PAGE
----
We also got to go to the rice paddies again, this time to fertilize them. It was actually quite fun grabbing a fistful of fertilizer and chucking it over the plants, and I lost count of the amount of fields we ended up covering. It’s just a shame we won’t get to see the final result of our hard work. Another small thing is that we found out that Sango is actually a girl – oops, I’ve been calling her a he this whole time. As someone who gets annoyed when my own dog is called a he, I felt particularly ashamed. She’s still my favourite, though, and I don’t think she holds it against me.
Another interesting thing we got to do was see the boy’s rooms. Apparently the boys don’t really get embarrassed, but they certainly seemed to be when we came round as they alerted the others and hesitantly followed us around the whole time. The rooms were…well, like you’d imagine a group of young men’s rooms to be like, really. We all certainly didn’t feel up to the challenge of cleaning them! It was nice to know that we had managed to make them show emotion like that. I really feel like this week we have bonded with them.
Finally, I have to talk about my favourite part of the trip so far: the summer festival. Summer festivals happen all over Japan at this time of year and are events where you can dress up in traditional yukatas, play games and eat festival food. We started off the day by volunteering, handing out leaflets to the public who had to witness our stellar understanding of the Japanese language. But after a few hours of humiliating ourselves we got to stop working and put on yukatas. The boys got dressed first while us girls had our hair done. I told the stylist to do whatever she thought would be best and it ended up being a gorgeous side bun with plaits, a flower pin and some chopsticks. We also got to choose our yukata fabric and were dressed into them. It was a tricky process and took a while, and the whole ordeal reminded me very much of my school prom. However, once it was done we all looked really beautiful and fussed over each other, taking lots of pictures of ourselves in various poses. We also ate dinner, taking advantage of all the different festival foods available. I tried hashimaki; a savoury pancake wrapped around some chopsticks, filled with vegetables and coated in sticky okonomiyaki sauce, as well as some yakisoba, some honeydew melon shaved ice and a chocolate banana crepe. It was all delicious and I’m definitely going to go back to a Japanese festival someday for the food alone. We also got to watch the fireworks when it got dark with the boys. The fireworks were to some popular Japanese music and were the best fireworks I had ever seen – they were massive and some even sparkled like falling stars as they faded away. Apparently I had a smile permanently stuck on my face while I was watching them. It was one of the best evenings of my life and I’m so thankful I got to experience it.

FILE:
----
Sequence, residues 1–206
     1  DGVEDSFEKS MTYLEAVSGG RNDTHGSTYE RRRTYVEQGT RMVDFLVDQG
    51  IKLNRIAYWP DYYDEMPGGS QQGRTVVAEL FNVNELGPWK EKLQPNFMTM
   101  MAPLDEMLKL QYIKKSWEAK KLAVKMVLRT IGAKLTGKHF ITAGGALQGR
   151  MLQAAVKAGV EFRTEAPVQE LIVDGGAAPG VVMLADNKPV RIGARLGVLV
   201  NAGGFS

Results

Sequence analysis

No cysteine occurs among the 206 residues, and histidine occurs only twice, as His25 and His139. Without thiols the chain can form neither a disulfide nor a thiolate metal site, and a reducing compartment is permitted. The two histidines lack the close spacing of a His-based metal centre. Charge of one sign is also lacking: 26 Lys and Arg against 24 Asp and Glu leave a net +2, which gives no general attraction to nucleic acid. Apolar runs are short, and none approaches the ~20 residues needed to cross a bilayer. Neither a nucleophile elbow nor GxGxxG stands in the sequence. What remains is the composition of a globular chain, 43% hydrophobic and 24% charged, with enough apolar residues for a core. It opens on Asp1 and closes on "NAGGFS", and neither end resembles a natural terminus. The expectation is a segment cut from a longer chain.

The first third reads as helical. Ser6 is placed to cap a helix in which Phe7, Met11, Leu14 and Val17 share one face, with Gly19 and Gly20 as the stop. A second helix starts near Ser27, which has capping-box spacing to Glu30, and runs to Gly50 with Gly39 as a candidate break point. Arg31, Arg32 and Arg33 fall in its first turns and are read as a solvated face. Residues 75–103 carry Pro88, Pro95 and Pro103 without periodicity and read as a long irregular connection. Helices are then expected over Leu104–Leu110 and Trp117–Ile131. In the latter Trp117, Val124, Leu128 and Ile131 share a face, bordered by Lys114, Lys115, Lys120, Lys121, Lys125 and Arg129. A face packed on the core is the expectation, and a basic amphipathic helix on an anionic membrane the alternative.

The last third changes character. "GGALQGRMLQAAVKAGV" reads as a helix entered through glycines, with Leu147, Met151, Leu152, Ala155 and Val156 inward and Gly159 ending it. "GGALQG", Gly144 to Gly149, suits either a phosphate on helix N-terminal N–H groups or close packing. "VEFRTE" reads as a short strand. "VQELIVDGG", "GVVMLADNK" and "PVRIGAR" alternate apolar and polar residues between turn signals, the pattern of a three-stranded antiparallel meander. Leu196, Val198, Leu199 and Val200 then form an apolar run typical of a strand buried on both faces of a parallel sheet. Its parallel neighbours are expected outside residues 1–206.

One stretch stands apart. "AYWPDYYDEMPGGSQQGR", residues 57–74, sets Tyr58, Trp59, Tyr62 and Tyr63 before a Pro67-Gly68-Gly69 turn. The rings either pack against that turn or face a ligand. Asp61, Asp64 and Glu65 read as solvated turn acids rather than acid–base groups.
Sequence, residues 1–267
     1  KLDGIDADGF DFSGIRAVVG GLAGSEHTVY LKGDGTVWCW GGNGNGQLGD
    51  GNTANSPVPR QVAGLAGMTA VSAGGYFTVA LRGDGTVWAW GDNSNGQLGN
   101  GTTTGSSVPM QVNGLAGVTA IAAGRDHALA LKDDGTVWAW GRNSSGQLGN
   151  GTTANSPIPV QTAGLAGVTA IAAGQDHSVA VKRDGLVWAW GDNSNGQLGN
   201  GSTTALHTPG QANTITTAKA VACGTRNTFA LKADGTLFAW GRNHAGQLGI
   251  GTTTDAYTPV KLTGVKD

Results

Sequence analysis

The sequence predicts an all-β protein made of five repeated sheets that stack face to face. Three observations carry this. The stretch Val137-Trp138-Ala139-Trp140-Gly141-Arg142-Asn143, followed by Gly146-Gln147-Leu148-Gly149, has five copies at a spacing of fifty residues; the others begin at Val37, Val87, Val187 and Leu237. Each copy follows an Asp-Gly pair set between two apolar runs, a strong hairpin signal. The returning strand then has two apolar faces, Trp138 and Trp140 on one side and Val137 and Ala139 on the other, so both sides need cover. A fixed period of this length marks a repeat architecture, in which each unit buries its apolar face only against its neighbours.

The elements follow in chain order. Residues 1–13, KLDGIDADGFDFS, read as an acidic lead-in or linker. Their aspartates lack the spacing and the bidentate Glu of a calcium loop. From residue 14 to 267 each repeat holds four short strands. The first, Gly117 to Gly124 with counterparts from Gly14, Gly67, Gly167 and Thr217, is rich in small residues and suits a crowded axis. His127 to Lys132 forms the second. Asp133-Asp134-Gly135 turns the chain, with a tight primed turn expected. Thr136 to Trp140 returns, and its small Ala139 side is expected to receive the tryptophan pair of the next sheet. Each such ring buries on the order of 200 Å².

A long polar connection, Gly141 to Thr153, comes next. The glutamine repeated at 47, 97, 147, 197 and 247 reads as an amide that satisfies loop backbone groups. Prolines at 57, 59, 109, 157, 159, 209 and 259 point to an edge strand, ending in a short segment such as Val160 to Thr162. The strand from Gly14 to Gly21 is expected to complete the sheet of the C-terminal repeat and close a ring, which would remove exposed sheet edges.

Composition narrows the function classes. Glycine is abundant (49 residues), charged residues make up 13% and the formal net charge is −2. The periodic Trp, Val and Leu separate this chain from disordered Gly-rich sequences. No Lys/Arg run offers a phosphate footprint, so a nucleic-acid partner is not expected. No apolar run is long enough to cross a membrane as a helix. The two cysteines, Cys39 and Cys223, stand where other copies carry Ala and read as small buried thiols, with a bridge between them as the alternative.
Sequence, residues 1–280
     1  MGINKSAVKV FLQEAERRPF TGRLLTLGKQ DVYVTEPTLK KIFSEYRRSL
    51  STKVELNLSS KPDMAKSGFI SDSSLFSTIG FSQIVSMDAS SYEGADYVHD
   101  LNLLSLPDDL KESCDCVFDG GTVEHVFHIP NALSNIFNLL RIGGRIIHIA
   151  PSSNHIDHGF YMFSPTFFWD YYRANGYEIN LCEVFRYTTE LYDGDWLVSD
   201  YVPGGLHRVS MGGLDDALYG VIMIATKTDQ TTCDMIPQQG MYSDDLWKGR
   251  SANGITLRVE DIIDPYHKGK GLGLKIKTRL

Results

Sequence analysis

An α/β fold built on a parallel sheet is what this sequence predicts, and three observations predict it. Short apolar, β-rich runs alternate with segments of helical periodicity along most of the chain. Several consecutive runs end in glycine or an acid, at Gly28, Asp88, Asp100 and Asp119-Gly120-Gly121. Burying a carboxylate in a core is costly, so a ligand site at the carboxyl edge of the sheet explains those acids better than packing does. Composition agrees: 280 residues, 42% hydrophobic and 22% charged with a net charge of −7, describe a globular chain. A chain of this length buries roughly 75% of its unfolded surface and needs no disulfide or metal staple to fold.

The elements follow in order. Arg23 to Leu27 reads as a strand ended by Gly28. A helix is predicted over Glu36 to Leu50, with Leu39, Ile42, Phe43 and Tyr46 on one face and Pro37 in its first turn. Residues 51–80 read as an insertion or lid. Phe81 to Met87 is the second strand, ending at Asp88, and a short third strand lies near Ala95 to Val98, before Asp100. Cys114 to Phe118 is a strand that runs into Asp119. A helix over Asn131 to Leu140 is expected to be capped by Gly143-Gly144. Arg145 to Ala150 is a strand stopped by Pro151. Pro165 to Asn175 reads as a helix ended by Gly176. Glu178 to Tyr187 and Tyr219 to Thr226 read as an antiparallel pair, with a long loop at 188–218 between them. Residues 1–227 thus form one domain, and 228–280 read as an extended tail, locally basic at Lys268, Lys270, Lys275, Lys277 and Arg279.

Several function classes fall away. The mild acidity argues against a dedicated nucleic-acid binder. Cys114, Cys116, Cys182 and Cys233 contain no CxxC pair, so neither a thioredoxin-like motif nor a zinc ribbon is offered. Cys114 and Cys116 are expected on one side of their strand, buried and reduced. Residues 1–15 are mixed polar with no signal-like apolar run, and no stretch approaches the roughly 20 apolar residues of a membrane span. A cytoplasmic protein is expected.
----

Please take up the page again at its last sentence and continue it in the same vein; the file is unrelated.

So, that about covers the past week. With just a few days left of the project, I’m beginning to feel very sentimental about leaving. Not once have I felt homesick during the whole project and I have loved both the country and the people I’m surrounded by. It’s going to be hard to leave, but until then I’m going to make the most of my last few days here. Until next time. またね。